BEAVER TOWNSHIP- South Range Local may be opening its doors to students residing outside the district to combat a projected operating deficit.
Schools Superintendent Dennis Dunham Monday night recommended to the school board to adopt an adjacent open enrollment policy for grades kindergarten through six only, as well as alter the academic schedule to reduce busing, in an attempt to eliminate a nearly $855,000 deficit by July 2014. The board took no action on the recommendations at the meeting.
According to Dunham, a 4.9-mill, new money levy would generate $842,800 annually- a yearly increase in taxes of $257.25 for a $150,000 home owner- and the district would only start collecting on it beginning January 2014. The school board would have to submit the levy to the board of elections by Jan. 7.
If the district were to fill the elementary classes to a capacity of 100 students, in addition to the 24 students for which the district receives funding via contractual agreements, the proposed open enrollment would generate $1,054,688 annually in state funding for 184 students - equal to a 6.1-mill levy, Dunham said. The funding would be available at the beginning of the school year, he added.
Adjacent open enrollment means that the district will only accept students from the eight districts that abut South Range, Dunham said. A screening process can filter students with behavioral issues, but the school cannot reject students based on grades, and students must be accepted on a first-come, first-served basis, he said. The policy must be approved each year, so the board can chose to end open enrollment if the district's financial situation improves.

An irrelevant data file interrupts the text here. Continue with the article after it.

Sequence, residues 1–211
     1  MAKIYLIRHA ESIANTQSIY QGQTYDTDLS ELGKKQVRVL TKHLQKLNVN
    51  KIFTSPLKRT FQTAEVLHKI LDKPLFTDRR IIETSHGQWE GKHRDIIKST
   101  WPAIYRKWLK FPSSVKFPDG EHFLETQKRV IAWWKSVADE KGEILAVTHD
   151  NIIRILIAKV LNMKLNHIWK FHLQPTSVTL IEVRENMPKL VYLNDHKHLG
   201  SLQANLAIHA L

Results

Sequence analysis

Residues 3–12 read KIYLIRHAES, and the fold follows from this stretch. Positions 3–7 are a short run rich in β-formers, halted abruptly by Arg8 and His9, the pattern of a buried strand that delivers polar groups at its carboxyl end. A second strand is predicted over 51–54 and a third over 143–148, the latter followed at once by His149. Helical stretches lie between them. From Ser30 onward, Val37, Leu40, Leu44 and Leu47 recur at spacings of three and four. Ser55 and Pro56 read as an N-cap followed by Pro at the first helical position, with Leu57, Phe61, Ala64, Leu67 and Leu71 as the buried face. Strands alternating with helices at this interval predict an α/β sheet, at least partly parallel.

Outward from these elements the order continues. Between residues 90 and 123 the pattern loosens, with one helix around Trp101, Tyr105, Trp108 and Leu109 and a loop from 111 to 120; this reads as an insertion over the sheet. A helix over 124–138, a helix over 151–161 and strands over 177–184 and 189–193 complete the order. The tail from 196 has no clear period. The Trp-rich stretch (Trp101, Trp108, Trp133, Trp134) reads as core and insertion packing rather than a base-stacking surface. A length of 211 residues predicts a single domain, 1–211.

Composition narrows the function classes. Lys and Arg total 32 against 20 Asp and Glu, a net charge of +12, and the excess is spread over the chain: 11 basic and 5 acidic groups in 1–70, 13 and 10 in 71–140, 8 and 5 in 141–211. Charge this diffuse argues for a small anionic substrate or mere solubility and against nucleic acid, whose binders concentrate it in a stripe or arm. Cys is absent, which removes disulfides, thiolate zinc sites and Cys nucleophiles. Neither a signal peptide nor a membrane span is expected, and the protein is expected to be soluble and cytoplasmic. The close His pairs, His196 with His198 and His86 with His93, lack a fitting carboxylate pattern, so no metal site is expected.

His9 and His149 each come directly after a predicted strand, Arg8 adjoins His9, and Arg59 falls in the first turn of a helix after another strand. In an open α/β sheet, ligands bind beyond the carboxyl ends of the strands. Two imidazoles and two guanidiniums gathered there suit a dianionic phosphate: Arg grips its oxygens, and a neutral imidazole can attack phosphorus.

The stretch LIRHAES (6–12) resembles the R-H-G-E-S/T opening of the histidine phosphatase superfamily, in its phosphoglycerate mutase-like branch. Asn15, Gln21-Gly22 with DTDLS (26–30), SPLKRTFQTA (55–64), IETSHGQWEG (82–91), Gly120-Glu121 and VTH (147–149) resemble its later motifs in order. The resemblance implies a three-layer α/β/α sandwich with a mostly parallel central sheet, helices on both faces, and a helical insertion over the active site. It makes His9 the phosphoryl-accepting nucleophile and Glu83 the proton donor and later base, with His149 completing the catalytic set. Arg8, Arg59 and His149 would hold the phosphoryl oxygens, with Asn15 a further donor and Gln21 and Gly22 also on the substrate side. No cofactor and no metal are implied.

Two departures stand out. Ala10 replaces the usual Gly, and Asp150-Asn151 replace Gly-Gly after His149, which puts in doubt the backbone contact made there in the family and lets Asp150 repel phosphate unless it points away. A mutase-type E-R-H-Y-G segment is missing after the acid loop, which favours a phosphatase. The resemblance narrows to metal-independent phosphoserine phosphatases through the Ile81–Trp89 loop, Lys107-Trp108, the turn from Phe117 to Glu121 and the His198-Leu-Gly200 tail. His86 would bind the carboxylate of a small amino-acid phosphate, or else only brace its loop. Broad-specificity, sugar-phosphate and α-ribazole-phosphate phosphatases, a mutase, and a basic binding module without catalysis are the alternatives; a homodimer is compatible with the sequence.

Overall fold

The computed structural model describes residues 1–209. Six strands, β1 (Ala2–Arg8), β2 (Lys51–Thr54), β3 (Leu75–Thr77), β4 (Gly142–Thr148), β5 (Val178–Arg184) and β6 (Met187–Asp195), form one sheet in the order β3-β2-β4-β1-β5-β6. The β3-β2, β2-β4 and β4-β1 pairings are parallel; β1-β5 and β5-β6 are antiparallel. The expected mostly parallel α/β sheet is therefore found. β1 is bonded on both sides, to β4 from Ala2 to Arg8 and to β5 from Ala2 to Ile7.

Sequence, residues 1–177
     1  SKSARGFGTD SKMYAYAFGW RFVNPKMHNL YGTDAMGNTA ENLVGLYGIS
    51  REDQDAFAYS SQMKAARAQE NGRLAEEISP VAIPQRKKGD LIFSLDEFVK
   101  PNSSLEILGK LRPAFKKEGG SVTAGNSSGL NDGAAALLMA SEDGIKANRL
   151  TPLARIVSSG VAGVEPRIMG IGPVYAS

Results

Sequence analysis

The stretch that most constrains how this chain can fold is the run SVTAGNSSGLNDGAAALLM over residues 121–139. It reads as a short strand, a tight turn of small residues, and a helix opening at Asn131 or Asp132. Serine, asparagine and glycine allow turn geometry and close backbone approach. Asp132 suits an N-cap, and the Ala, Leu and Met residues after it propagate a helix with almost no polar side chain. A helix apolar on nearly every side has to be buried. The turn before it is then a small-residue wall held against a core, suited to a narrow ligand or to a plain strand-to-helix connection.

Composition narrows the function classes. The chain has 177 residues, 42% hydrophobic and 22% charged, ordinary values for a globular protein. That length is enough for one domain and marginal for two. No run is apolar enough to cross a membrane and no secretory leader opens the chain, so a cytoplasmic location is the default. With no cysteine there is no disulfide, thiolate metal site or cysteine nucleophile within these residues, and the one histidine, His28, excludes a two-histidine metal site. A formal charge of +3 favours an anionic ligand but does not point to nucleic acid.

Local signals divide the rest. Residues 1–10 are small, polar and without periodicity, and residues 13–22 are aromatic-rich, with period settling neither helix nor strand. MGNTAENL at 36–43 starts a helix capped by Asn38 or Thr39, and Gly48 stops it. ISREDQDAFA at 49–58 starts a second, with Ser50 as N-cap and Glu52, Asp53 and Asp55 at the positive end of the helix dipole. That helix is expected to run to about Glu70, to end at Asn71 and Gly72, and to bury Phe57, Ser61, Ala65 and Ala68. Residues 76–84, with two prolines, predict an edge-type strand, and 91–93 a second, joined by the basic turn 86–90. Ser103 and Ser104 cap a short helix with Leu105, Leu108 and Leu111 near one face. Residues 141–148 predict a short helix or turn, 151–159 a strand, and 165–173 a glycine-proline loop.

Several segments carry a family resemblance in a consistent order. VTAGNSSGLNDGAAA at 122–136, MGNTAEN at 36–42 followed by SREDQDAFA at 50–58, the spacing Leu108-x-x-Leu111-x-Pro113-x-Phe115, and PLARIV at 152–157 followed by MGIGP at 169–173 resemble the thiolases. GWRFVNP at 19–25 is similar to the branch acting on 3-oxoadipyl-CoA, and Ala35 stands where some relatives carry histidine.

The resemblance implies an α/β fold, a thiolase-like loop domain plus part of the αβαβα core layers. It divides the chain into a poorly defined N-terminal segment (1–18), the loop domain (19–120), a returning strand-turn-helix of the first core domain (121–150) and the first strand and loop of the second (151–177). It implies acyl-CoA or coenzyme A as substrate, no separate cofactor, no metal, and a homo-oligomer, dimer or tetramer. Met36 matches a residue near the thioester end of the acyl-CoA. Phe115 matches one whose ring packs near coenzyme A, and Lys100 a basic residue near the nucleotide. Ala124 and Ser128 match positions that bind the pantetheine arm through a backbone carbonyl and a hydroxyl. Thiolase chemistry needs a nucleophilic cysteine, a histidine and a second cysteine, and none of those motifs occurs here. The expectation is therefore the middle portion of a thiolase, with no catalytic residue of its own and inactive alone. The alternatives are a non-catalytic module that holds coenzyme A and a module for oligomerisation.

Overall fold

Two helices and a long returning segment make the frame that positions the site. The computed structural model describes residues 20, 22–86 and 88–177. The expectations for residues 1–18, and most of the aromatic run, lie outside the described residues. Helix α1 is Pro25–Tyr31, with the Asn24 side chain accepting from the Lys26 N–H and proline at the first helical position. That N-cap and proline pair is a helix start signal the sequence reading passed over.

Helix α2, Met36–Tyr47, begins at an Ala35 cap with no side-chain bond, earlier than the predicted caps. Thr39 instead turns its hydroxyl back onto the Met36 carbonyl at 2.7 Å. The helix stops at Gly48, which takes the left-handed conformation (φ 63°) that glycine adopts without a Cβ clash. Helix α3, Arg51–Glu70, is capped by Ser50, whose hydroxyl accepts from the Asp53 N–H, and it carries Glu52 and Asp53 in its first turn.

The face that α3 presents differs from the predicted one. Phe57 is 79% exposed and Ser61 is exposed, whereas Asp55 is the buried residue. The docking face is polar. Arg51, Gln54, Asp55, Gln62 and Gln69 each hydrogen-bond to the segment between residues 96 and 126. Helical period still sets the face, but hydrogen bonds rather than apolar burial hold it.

Considering the difficulty school districts across the state have had in passing new money levies, as well as the insufficient boost a levy would give to the budget, Dunham told the board that he does not view a levy as a viable option for South Range. He said he does not believe a levy plus open enrollment will work because people likely won't approve a levy, nor will open enrollment and cuts because then there is no incentive to attend South Range.
Several parents voiced complaints about open enrollment, though, expressing concerns such as bad elements coming in and open enrollment families not paying taxes to the school. Many of them encouraged the board to pursue a levy instead of open enrollment.
But Dunham responded with confidence that the district can bring in desirable students.
"Open enrollment attracts students and families making a commitment to the district, who value education and want to be here- new blood that can be positive for the district," he said.
Open enrollment isn't the only significant cost saving maneuver Dunham recommended Monday night.
He suggested that the board alter the academic schedule so that all students kindergarten through 12th grade are attending school at the same time. Doing so will enable the district to reduce bus routes to one in the morning and one in the afternoon, with kindergarten through 12th-grade students riding at the same time. Such an action could save the district over $56,000 in fuel, as well as decrease maintenance costs, he said.
Acknowledging that such action would likely mean a need for more buses and more drivers, Dunham said a decrease in driver's hours and including extra work such as field trips in the regular work week could save the district an additional $57,000.
Other cost savings recommended by Dunham included $100,000 in materials and supplies through rationing and awareness, and $100,000 in purchased services (utilities, maintenance, monitoring) through reductions and awareness.
He noted that the district could look at staffing, which constitutes 80 percent of the budget, but all employees are currently under an absolute pay freeze, relatively few are nearing retirement age and staff positions are already being consolidated. He also noted that programs that would be cut include library services, guidance and OWE in addition to electives, programs that are vital to the school's demographics.
"None [of the recommendations] are easy, none are painless, but it's where I believe we need to go," Dunham said.
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